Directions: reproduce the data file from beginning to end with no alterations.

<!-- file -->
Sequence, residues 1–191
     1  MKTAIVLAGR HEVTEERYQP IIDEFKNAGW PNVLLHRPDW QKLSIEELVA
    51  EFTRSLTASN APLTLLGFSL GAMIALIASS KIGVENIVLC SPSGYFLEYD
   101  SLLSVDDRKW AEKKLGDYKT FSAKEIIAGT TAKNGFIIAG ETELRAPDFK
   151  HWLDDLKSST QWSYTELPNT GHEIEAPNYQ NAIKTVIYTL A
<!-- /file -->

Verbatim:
Sequence, residues 1–191
     1  MKTAIVLAGR HEVTEERYQP IIDEFKNAGW PNVLLHRPDW QKLSIEELVA
    51  EFTRSLTASN APLTLLGFSL GAMIALIASS KIGVENIVLC SPSGYFLEYD
   101  SLLSVDDRKW AEKKLGDYKT FSAKEIIAGT TAKNGFIIAG ETELRAPDFK
   151  HWLDDLKSST QWSYTELPNT GHEIEAPNYQ NAIKTVIYTL A